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"The tall man is outside."

Translation:A magas férfi kint van.

September 4, 2016

12 Comments


https://www.duolingo.com/profile/AmyAbramcz

Why "kint van" and not "van kint"?


https://www.duolingo.com/profile/MrtonPolgr

Giving a location with "to be" is pretty much a core argument which means the most neutral word order is to add it right before the verb. "Van kint", in the meantime opens the focus position to whatever preceding van. So, "A magas férfi van kint" answers the question "Who is outside?" rather than "Where is the tall man?" which is, by Hungarian logic, the most logical question you think of when encountering a sentence like "The tall man is outside."


https://www.duolingo.com/profile/Jack9813

someone please explain word order to me


https://www.duolingo.com/profile/AlexandreF147161

I believe it's the difference between "The tall man" and "The man is tall"


https://www.duolingo.com/profile/dcseain

A magas férfi The tall man. A férfi magas The man is tall.


https://www.duolingo.com/profile/susan190468

Can't it be "A ferfi magas kint van" ? I was told this was wrong


https://www.duolingo.com/profile/MrtonPolgr

Nope, adjectives referring to a noun must precede the noun, like in English. "The man tall is outside" :\


https://www.duolingo.com/profile/Melanie294716

I though the van could be left out?


https://www.duolingo.com/profile/Tabus2

"Van" can be left out when someone is performing an action in the 3rd person singular: "He is speaking Hungarian" = "Ő magyarul beszél" In this case, you don't have to say "van" (is), like you would have to in English (in fact saying "van" in this sentence would be incorrect)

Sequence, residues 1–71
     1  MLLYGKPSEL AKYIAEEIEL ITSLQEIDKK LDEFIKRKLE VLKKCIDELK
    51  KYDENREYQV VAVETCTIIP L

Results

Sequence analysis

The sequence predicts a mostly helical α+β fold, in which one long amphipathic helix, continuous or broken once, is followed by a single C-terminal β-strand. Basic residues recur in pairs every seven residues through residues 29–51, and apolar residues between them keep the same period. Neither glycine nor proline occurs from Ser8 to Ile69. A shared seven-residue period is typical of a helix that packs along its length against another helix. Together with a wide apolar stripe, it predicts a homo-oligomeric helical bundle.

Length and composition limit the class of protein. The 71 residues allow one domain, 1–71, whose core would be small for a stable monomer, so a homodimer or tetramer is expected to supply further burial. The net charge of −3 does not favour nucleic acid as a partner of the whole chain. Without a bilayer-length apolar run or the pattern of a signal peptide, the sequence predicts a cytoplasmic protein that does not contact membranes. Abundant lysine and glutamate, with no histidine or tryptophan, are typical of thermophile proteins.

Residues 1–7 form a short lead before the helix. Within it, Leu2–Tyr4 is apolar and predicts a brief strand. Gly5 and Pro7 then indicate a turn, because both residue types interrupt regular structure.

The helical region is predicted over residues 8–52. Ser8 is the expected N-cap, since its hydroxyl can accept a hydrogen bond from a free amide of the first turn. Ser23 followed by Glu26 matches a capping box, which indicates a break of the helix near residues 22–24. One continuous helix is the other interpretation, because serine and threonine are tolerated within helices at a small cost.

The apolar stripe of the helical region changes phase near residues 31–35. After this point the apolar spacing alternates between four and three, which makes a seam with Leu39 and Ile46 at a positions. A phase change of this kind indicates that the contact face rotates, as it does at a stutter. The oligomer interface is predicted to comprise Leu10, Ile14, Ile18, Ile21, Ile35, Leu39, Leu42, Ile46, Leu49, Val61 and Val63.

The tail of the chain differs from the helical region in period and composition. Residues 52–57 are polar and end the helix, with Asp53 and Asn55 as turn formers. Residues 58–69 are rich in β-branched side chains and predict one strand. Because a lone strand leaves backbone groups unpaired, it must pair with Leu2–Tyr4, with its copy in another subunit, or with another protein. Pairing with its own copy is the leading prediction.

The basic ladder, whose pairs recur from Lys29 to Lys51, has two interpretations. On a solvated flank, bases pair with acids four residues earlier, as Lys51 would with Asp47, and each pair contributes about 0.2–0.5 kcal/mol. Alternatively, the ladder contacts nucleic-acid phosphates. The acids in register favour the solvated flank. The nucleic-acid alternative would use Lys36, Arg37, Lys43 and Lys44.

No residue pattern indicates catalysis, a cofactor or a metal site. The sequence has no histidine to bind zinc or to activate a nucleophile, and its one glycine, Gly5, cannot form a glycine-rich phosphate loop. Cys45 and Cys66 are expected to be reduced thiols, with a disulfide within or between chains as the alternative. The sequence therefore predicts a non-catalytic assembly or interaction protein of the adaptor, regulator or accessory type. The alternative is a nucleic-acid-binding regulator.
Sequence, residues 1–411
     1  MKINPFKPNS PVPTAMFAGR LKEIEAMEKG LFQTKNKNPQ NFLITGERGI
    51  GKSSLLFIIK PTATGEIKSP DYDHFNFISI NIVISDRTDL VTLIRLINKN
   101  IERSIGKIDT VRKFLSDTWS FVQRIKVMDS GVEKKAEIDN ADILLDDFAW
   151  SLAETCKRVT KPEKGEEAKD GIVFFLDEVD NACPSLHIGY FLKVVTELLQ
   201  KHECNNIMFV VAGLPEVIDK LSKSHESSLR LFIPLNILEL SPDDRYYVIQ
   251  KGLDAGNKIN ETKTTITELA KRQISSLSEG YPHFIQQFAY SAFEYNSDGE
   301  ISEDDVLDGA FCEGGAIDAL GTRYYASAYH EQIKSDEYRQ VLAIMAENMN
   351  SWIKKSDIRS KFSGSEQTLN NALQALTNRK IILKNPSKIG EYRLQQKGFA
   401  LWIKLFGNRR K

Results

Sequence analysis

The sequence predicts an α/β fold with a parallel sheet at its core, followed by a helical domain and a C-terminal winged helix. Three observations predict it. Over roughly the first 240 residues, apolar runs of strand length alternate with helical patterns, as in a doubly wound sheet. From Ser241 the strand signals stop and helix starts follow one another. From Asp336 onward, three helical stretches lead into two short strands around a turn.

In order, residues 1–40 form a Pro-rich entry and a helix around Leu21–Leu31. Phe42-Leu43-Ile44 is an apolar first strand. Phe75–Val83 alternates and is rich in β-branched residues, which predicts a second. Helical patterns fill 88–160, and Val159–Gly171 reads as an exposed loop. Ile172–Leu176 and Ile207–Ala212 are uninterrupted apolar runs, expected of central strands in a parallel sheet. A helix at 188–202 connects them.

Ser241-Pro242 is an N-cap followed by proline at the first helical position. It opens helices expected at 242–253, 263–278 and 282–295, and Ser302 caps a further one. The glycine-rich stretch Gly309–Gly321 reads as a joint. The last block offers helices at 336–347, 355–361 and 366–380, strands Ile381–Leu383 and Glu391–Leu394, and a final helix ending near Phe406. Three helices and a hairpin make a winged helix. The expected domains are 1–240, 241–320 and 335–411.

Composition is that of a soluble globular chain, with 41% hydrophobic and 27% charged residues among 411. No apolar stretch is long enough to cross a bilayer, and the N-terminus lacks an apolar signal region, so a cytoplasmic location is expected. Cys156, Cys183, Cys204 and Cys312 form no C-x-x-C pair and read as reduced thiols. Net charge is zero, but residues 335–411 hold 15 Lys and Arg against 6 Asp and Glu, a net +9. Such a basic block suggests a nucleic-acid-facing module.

But in the sentence "A magas férfi kint van.", "van" has a different meaning. It means "there is". Another example would be: "Van két almám" = "I have 2 apples" (a more literal translation would be "There exists 2 apples which are mine"... where "van" means "there is / exists" and "almám" means my apple")

So you see, "van" can also be used as "there is". And in this case, the sentence wouldn't make sense without it.


https://www.duolingo.com/profile/MrtonPolgr

"He is speaking Hungarian" is simply nonexistent grammar in Hungarian. This has nothing to do with van.


https://www.duolingo.com/profile/liana674407

As far as i know van can be left out when it refers to adjectives. In this case it refers not to how is the noun, but where is the noun, thus van is needed.


https://www.duolingo.com/profile/liana674407

As far as i know van can be left out when it refers to adjectives that describe the noun. In this case van refers to the position of the nound, thus needed.

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